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15 best features of successful photo websites (and how to design yours)

Your photography website is the foreground of your business, it’s the first point of contact for fans or buyers. Even though every photographer envisions his/her website differently, some details should always be there.

Having worked with many photographers, I’ve noticed patterns in the way great websites are built and what contributes to their success (and try to always do the same in my work).

To help move you forward with your photography business goals and create an appealing website, I’ve compiled a list of 15 important photography ideas for your inspiration. They’re valid regardless of whether you’re just starting out as a photographer & looking for some guidance or simply need a photo website refresh.


1. Simplicity

Successful photographers have understood the value of simplicity, of focusing on the essentials and removing the superfluous. So even if you have a lot of content on your site, you should try to organize it in a simple way, to not confuse people and tempt them to leave the site.

Attaining a good level of simplicity (without sacrificing usability) is really tough! 

Since many photographers struggle with this, I’ve tackled the topic separately in a detailed article here: Embracing minimalism in your photography website.


Simplicity helps you prioritize the important things, and it creates a better browsing experience for your users.

You have to learn how to thoughtfully limit your visitor’s choices and try to guide them through the site, to simplify your navigation & graphics, and to only emphasize the essential elements on the page.

Here’s an example of a simple & effective photo website:


On Michael‘s website, nothing distracts your from the great intro images, there are no annoying splash pages, pop-ups, weird background colors, over-crowded elements or any “fluff” like that. You’re just getting a clear browsing experience: straightforward navigation and clear calls to action.


2. Clear navigation

Photographers are sometimes overly-concerned with the visual aspects of the site, at the expense of usability. 83% of visitors leave a website because it takes too many clicks to get to what they want, that’s a huge number!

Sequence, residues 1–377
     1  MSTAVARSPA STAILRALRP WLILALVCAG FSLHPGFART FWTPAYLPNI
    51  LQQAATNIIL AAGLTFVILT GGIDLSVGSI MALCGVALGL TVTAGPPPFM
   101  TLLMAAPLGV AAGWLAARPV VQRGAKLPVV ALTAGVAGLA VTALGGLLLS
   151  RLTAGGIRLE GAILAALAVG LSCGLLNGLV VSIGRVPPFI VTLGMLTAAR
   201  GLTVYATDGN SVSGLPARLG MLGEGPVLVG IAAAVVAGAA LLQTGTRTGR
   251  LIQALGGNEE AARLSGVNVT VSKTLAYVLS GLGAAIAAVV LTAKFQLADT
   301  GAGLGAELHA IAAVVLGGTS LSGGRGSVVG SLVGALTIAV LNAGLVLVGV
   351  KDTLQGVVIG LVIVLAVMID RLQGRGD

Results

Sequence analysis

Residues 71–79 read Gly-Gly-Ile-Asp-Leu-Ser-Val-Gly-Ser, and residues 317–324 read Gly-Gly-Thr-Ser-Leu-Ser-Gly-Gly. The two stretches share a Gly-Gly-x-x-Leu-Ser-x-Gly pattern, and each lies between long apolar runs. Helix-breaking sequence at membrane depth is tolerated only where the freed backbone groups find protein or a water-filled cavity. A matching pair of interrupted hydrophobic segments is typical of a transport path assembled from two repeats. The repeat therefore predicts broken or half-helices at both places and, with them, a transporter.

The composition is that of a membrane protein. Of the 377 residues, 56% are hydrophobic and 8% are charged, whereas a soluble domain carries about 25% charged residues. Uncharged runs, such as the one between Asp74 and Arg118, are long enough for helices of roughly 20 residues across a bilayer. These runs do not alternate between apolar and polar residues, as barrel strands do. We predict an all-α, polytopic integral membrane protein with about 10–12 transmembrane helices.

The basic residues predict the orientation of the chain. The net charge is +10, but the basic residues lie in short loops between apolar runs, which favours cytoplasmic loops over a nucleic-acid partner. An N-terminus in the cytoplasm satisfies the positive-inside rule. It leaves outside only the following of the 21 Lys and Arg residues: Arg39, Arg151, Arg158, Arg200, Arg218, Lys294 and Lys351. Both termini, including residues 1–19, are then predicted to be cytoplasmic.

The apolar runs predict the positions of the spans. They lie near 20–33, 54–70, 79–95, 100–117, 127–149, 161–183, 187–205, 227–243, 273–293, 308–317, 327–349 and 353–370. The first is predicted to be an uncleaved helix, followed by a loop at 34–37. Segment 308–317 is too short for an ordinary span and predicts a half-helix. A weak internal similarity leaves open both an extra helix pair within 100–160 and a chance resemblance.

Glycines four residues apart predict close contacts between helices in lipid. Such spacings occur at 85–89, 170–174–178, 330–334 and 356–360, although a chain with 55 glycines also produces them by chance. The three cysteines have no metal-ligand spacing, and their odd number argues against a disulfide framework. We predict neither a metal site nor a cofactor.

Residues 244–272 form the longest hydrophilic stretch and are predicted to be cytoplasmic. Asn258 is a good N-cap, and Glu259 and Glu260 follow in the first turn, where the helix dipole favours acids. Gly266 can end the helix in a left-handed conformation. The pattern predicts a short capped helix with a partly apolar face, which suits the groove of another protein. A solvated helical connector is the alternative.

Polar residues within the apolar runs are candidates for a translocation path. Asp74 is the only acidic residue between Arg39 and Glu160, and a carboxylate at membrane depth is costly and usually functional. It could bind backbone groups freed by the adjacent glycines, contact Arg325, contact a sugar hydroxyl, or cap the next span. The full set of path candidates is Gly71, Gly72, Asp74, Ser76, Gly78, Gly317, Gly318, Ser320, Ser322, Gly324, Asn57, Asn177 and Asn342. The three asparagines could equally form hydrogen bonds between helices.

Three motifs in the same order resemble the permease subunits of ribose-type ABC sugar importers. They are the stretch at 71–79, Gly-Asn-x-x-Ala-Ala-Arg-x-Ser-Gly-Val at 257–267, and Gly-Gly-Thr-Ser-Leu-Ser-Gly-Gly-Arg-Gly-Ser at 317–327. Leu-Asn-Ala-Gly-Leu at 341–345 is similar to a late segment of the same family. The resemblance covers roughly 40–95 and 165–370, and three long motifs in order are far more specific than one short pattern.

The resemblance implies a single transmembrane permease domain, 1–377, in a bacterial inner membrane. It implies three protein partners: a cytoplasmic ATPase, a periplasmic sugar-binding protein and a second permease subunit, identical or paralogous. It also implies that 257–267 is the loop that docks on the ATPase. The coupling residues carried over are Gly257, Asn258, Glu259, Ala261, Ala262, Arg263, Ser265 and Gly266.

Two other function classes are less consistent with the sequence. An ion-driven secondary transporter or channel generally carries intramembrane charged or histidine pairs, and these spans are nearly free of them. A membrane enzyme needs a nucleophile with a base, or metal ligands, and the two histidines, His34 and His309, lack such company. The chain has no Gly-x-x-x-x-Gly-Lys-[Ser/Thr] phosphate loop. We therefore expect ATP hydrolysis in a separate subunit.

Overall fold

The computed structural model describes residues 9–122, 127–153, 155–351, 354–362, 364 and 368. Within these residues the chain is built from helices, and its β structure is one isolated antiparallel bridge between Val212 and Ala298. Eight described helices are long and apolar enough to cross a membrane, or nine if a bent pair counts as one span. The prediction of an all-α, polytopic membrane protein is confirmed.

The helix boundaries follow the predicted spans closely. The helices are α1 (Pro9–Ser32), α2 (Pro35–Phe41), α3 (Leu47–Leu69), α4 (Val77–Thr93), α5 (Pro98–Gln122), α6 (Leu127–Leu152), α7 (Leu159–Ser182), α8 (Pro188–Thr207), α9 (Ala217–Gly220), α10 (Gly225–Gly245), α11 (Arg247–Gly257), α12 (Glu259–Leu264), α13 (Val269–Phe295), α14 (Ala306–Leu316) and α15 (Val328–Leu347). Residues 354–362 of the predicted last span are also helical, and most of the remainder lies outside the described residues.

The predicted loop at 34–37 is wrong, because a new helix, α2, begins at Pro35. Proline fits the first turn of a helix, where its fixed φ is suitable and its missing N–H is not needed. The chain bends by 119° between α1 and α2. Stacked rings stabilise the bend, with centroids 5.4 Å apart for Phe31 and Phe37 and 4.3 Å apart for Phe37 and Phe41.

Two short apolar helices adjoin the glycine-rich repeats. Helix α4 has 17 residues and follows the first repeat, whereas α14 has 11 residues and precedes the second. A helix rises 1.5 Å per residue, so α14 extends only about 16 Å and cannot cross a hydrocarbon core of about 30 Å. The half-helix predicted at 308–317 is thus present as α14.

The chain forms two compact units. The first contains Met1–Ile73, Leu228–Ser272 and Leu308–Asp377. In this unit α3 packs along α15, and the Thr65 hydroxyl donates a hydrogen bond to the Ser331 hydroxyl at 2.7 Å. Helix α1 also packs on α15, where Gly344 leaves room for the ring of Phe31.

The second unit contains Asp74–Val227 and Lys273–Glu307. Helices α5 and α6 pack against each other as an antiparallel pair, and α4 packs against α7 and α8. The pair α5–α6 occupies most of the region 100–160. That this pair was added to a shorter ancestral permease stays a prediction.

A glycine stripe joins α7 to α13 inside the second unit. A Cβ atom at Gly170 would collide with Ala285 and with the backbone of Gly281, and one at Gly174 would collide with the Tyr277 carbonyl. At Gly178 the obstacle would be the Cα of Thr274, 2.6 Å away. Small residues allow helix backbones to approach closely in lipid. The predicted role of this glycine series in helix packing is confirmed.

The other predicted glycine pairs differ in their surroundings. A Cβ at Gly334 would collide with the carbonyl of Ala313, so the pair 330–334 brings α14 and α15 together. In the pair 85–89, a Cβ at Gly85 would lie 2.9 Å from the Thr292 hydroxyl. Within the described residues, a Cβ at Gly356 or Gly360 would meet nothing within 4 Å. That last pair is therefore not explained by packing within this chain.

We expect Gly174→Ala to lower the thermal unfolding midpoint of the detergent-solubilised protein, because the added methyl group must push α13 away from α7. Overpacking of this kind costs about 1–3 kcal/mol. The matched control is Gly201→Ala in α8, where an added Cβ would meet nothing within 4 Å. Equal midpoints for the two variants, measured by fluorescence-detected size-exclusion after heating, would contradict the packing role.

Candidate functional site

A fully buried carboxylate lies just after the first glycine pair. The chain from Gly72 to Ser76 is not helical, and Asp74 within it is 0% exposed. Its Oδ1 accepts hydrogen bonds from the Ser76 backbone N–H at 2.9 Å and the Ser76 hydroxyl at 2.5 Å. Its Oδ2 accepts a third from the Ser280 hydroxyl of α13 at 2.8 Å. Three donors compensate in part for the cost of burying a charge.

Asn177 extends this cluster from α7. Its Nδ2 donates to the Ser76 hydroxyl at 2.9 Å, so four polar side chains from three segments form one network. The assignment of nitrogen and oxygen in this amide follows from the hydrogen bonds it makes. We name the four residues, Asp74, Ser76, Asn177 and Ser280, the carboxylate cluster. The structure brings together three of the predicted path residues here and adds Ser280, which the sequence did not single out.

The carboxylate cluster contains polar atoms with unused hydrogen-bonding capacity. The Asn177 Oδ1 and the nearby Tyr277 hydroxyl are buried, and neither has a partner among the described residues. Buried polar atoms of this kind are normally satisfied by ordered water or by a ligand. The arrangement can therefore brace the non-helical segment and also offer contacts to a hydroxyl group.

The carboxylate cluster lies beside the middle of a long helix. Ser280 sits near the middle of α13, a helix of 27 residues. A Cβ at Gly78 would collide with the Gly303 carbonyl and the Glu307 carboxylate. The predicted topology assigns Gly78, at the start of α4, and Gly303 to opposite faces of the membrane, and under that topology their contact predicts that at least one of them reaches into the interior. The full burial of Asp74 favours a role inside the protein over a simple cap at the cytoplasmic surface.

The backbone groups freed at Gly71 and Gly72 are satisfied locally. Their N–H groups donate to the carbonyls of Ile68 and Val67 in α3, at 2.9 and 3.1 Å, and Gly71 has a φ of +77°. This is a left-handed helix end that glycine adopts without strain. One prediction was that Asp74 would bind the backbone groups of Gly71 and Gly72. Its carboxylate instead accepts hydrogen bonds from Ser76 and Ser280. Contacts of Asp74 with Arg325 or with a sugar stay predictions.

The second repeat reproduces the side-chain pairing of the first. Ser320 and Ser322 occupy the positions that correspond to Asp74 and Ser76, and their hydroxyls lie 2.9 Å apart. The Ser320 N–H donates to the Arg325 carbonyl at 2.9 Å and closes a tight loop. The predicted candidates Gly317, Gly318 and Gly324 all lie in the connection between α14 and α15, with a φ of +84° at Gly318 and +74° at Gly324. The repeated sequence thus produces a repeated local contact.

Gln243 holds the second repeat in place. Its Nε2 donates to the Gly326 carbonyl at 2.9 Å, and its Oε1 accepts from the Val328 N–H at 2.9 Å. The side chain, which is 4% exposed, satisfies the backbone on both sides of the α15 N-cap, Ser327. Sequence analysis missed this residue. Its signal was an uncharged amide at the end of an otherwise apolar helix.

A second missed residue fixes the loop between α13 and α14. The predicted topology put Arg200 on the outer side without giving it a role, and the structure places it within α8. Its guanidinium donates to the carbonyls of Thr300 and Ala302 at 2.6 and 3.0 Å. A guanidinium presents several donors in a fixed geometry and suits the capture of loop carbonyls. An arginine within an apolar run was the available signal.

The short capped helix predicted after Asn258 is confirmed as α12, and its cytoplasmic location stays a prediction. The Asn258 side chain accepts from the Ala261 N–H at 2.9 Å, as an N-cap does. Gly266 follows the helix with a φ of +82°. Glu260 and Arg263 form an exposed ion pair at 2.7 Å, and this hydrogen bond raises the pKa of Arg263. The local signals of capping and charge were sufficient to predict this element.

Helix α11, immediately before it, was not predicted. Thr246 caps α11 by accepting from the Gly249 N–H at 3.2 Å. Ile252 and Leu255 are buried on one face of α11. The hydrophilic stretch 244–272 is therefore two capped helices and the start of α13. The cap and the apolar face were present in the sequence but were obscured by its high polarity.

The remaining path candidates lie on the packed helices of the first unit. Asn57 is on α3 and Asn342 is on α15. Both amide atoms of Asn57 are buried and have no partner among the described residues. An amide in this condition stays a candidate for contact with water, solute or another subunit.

Visitors should find it intuitive to navigate the site, so a few best practices are in order:

  • keep the number of menu items to a minimum (up to 5 or 6 ideally)
  • the menu should be placed either on the top or on the left side
  • whatever the location, the menu should be in a consistent place throughout the site
  • a quick way to get back to the homepage should always be present (usually through a “Home” menu item, or by clicking on the logo)

Excellent navigation design with discreet social media links


But it’s not just about the main menu. Any form of navigation needs to be thought of:

  • clear calls-to-action (where should visitors on the page go to next?)
  • quick navigation between images (left/right arrows and keyboard controls)
  • easy browsing in and out of galleries
  • quick access to contact information
  • important areas in the site should be accessible in 2 clicks max


The “Search” page on “The Sartorialist” provides a wealth of searching and filtering options.


3. An effective Contact page

As I’ve already (and thoroughly) covered, easy access to your contact information is critical: The essentials of building an effective photography “Contact” page

If I were to choose just a couple of advice to share with all photographers out there, it would be to make your contact info as easily accessible as you can (including in the footer on every page), and to simplify the contact form as much as possible.

The good: nice & clean design, contact numbers in the footer throughout the site, “Contact” last in the menu. The not-so-good: no email address, no “tel” links for phone numbers, too many (required) contact form fields, somewhat distracting slideshow.

Read the entire article for an in-depth view of what you can do today to improve your photography Contact page (along with example/screenshots of how other photographers have done it well).


4. Blogging

A photography blog on your site gives you a great opportunity to continuously showcase your best work, to promote your services and/or to market your prints & products.